UPDATE: I am still using this pillow and my twin girls are 12 months old. We are still going strong on nursing and I am still tandem nursing them. Without this pillow I would have given up nursing a long time ago. I LOVE THIS PILLOW. I can nurse both girls in under 15 minutes now. They both still fit on the pillow just fine and I could not be happier!
I have been nursing my twins for 10 weeks now. I am tandem nursing them, which means I am nursing them at the same time. I bought my first twin nursing pillow which was the EZ-2-Nurse Twin Nursing Pillow from Double Blessings. It worked pretty well. I was able to tandem feed, but I found it difficult. There is not a very good back rest. The pillow is not very wide, not giving the twins a lot of room to lay on the pillow as they get bigger. My twin girls also seemed to roll inward on the pillow and I was also having to reposition them so they did not totally fall off the pillow. I got frustrated with the pillow so I decided to break down and buy the Best Friend Twin Plus Nursing Pillow. I am so glad that I did!

Here are all the benefits of the Best Friend Twin Nursing Pillow:
1. It is wider, giving my girls more room to lay comfortably.
2. It has a better back support, making it more comfortable for mommy to breastfeed.
3. The pillow is ticker, raising the twins up higher to my breast which means I don’t have to lean over (and that keep my back from aching).
4. The velcro closure is a lot easier to secure the pillow around our body with. It also has a clasp that is easy to release and secure the pillow with.
5. The pillow is firmer. This keeps my twins from rolling inward.  This allows me to keep my hands free because I do not have to hold onto the girls to keep them from rolling off the pillow.

This is a must buy if you want to tandem nurse!

http://www.mybrestfriend.com/twins

For more information about breastfeeding twins and multiples read my post:
Breastfeeding Twins: http://blogginaboutbabies.wordpress.com/2010/07/21/nursing-twins/

Read Full Post »

My son is now 9 months old. I had contemplated switching to formula full time for a while now because of concerns of my milk supply. Between my son’s distractability and teething, he became very uninterested in nursing. Then to top things off every month my milk supply dips right before my period while I am PMSing. Then my family moved cross country from Maryland to Texas and I think the stress that I was experiencing caused my already low milk supply to start dipping. My son became very fussy at my breast and would suck hard, but I would not have any milk. After talking to my son’s pediatrician, she recommended that I start supplementing with formula. So I have done that (thankfully he’ll drink it now), but it is causing my milk supply to dip to a sever low. I don’t want to quit breastfeeding. I would like to breastfeed him until he is a year old. So I have decided to really try everything I know to get my milk supply up. Here is my plan:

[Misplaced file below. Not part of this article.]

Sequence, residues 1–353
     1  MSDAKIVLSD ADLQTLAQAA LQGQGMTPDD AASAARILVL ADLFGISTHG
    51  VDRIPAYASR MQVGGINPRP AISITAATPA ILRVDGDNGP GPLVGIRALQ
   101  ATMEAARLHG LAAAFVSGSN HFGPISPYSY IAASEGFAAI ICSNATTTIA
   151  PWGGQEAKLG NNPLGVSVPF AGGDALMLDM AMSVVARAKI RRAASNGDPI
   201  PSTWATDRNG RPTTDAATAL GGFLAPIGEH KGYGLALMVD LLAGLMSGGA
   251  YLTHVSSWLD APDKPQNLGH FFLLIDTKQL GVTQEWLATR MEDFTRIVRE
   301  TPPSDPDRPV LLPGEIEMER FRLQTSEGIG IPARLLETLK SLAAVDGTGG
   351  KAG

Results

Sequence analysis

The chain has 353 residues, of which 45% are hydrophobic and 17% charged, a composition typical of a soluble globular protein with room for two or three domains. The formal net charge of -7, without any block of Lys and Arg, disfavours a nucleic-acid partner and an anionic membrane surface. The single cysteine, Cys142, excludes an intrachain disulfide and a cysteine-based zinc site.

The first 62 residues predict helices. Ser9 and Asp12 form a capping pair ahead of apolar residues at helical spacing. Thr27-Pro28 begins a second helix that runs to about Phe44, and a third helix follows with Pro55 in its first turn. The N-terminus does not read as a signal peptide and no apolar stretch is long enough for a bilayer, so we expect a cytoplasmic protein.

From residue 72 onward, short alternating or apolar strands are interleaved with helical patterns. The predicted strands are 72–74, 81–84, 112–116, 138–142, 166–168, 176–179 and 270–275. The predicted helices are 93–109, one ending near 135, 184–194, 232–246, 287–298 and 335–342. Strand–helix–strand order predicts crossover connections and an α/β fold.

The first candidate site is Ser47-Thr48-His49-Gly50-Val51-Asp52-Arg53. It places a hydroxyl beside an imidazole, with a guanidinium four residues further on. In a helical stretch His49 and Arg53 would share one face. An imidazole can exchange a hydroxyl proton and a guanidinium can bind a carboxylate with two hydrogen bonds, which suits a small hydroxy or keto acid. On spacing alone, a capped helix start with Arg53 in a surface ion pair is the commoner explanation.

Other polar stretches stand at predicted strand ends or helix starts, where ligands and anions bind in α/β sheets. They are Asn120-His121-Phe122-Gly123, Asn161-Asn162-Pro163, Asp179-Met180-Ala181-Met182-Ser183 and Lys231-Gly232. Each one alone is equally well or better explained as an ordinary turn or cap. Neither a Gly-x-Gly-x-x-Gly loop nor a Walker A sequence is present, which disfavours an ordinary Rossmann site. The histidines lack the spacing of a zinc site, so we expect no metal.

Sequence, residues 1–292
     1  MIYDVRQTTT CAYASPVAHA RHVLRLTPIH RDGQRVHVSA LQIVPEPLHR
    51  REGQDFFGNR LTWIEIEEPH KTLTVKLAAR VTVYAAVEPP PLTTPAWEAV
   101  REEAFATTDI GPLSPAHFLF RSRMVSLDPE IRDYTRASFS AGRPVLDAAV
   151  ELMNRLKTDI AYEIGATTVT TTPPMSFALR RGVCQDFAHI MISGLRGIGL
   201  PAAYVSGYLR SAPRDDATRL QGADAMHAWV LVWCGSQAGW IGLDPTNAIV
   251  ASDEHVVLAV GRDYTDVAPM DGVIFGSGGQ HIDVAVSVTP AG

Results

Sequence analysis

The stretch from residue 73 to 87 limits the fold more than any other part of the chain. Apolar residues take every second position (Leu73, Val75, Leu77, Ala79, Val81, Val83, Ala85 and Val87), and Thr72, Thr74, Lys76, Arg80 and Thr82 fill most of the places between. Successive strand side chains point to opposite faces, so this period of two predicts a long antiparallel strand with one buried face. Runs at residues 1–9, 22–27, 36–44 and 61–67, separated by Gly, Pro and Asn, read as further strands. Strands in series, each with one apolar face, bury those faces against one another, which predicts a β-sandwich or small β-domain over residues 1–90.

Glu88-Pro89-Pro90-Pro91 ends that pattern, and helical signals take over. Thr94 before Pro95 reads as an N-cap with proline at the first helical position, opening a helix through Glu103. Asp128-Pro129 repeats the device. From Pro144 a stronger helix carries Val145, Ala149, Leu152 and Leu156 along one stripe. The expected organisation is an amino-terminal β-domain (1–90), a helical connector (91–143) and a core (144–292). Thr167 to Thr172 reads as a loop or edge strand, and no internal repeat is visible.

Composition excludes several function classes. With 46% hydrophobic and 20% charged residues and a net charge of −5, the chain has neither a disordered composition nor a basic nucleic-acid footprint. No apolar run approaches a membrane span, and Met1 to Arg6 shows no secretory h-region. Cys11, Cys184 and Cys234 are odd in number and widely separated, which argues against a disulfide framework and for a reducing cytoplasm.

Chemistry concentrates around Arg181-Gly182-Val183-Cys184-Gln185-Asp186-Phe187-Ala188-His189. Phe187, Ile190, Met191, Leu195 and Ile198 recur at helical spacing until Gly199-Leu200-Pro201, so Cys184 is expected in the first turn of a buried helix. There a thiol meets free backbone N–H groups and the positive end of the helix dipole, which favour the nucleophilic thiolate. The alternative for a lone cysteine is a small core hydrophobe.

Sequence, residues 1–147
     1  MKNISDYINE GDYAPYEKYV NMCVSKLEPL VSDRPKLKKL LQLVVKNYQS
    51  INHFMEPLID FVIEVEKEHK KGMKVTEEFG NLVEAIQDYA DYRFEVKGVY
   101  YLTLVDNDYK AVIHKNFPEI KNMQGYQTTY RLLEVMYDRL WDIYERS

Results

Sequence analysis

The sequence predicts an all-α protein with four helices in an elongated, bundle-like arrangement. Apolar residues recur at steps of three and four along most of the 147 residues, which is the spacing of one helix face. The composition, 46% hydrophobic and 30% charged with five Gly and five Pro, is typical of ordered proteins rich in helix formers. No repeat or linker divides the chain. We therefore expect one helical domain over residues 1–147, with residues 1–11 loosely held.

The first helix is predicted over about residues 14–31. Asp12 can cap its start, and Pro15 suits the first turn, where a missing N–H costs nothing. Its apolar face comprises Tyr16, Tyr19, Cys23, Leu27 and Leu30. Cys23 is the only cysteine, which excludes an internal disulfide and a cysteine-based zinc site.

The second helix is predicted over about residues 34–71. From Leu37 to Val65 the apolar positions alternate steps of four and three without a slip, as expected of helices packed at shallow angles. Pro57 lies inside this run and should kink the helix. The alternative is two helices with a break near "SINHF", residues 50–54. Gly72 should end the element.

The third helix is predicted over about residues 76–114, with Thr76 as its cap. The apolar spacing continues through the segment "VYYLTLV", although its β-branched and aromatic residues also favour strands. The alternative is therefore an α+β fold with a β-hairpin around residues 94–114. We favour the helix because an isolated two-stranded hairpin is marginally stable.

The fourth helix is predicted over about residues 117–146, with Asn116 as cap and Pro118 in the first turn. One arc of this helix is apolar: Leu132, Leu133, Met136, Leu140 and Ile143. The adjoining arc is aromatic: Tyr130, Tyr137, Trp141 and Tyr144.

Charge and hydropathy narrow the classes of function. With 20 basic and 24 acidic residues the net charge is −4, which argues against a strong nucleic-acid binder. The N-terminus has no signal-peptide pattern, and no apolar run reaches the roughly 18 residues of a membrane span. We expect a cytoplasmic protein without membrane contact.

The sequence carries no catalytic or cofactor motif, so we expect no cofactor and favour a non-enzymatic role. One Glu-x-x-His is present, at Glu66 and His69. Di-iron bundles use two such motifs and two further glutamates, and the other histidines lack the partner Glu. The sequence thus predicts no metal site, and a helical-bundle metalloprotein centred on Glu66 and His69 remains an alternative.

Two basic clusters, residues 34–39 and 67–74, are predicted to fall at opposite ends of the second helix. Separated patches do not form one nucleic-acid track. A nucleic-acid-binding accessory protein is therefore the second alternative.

1. Nurse/ Pump every 1.5- 2 hours and every 3 hours at night
  2. Drink lots of water
  3. Take More Milk Plus Special Blend
  4. Take Goat Rue
  5. Drink Mother’s Milk Tea
  6. Eat a diet high in protein/ carbs
  7. Rest, Rest, Rest

I am hoping that the combination of these things will help to bring my milk supply up. I will let you know my plan was successful or not.

References:

http://breastfeeding.hypermart.net/supply.html

http://www.kellymom.com/bf/supply/low-supply.html

http://www.llli.org/FAQ/increase.html

Read Full Post »

According to the Book The Baby Whisperer Solves All Your Problems a “child who wakes habitually doesn’t need more food unless she’s going through a growth spurt (p.191).” I know that when my son was between 6-8 weeks old he was waking at up around 1am every night. I knew that between 6-8 weeks old he could sleep for at least 6-8 hours a stretch at this age (see my post on sleep requirements). My husband I decided to do the Cry-It-Out method with my son. It took about a week, but at the end of a week, my son was no longer waking around 1am. I was practical and decided to only eliminate the first middle of the night feeding because I knew he was physically ready to go a longer stretch at night between feedings.

NEVER eliminate a feeding before your child is ready. If you child is 8 weeks old, he should be able to go 6-8 hours at night without a feeding. It would be unrealistic to expect an 8 week old to sleep longer than 9 hours without a feeding and for some babies at that age 8 hours is unrealistic too. Go with your maternal instincts and only eliminate the nighttime feeding if they are physically ready!

Please note: If you child is waking up at different times every night, that is most likely due to hunger and not habit. It is best when they are under two months old or in a growth spurt, to feed them when this occurs.

Here is what my son’s nighttime sleep looked like prior to sleep training (CIO) to eliminate the 1pm feeding (6-8 weeks old):